7. A glass article according to claim 6 wherein the glass surface is contacted at a temperature of about 1000 to 1200 F. (about 538 to 650 C.) with an aqueous solution of a cobalt salt selected from the group consisting of cobalt acetate, cobalt nitrate and cobalt perchlorate and a tin compound selected from the group consisting of tin chlorides and alkyltin chlorides wherein the ratio of cobalt to tin in the solution is from 5:1 to 12:1 and the total metal concentration in the solution is from 5 to 6 percent.
8. A glass article according to claim 7 which has the following properties with respect to Illuminant C: luminous transmittance--30 to 50 percent, dominant wavelength of transmitted light 575 to 580 nanometers, excitation purity of transmitted light--10 to 25 percent; from the coated surface: luminous reflectance--25 to 40 percent, dominant wavelength of reflected light--555 to 575 nanometers, excitation purity of reflected light--4 to 12 percent; from the uncoated surface: luminous reflectance 20 to 30 percent, dominant wavelength of reflected light--550 to 570 nanometers, and excitation purity of reflected light--4 to 12 percent.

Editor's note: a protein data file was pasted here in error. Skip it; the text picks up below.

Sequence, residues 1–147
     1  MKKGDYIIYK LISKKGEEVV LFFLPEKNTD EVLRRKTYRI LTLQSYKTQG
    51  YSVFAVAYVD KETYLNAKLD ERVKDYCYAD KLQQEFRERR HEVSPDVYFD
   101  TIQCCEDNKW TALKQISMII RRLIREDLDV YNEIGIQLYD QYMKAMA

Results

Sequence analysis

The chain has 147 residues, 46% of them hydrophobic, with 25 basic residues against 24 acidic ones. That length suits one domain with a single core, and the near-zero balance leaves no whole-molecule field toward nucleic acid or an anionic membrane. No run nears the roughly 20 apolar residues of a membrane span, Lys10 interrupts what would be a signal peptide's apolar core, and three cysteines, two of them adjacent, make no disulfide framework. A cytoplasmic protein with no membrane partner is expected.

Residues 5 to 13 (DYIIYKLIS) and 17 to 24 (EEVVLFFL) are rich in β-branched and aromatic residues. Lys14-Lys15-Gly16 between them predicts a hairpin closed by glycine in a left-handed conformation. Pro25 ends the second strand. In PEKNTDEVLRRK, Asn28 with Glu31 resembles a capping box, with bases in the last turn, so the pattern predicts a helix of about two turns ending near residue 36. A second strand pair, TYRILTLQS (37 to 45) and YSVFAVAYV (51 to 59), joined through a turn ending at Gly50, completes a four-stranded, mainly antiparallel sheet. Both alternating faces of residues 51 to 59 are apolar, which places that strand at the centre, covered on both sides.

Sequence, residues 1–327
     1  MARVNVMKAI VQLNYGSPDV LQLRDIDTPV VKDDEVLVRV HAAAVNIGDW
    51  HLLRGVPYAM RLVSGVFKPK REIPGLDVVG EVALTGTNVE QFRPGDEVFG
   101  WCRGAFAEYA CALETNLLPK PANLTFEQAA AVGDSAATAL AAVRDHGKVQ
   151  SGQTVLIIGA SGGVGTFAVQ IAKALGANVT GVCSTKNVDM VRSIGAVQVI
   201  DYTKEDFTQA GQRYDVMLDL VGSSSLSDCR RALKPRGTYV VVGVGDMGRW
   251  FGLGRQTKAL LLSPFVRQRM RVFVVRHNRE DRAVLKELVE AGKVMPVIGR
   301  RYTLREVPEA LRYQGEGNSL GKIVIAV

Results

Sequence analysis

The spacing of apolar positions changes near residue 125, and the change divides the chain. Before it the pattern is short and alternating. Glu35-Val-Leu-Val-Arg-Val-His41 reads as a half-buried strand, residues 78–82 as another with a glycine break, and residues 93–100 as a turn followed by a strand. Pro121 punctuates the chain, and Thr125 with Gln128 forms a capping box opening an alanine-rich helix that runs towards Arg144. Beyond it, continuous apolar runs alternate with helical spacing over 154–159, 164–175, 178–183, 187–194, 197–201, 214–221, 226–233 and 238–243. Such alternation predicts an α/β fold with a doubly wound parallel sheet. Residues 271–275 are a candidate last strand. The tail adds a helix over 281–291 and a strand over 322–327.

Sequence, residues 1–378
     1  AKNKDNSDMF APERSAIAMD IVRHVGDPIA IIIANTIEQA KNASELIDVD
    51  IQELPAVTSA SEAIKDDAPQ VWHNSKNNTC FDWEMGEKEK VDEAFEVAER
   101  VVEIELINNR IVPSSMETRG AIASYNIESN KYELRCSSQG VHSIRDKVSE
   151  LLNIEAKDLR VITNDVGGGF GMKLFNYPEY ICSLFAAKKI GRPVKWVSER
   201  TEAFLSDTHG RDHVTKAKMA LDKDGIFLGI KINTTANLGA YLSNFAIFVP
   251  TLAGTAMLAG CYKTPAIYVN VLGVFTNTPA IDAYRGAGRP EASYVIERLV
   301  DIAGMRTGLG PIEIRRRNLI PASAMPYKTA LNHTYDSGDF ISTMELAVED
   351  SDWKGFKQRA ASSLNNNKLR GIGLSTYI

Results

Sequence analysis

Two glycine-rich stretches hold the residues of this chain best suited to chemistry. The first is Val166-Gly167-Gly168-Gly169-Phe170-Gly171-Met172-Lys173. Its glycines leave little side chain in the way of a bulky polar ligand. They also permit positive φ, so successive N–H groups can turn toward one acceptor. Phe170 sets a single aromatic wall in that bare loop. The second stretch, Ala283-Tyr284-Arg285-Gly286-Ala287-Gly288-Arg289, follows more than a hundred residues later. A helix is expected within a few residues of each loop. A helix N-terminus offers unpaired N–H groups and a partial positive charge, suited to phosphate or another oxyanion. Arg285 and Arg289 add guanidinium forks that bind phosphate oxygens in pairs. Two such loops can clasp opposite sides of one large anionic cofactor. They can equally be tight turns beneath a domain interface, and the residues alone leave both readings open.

Description
CROSS REFERENCE TO RELATED APPLICATIONS

This is a continuation-in-part of application Ser. No. 90,172 filed Nov. 1, 1979 now abandoned, which is a continuation of application Ser. No. 921,686 filed July 3, 1978, now abandoned.

BACKGROUND OF THE INVENTION

1. Field of the Invention

The present invention relates generally to the art of pyrolytic deposition of metal oxide films, and more particularly to the pyrolytic deposition of metal oxide films from aqueous solutions of coating reactants.

2. The Prior Art

The pyrolytic deposition of metal oxides onto a glass surface is described in U.S. Pat. No. 3,660,061 to Donley et al. Organometallic salts, preferably acetylacetonates, are dissolved in an organic vehicle such as methylene chloride. Other suitable solvents include aliphatic and olefinic halocarbons, halogenated hydrocarbons, alcohols, and nonpolar aromatic compounds such as benzene and toluene. The organic solution is sprayed onto a hot glass surface where it thermally decomposes to form a metal oxide film which changes the reflectance and transmittance of solar energy by the glass.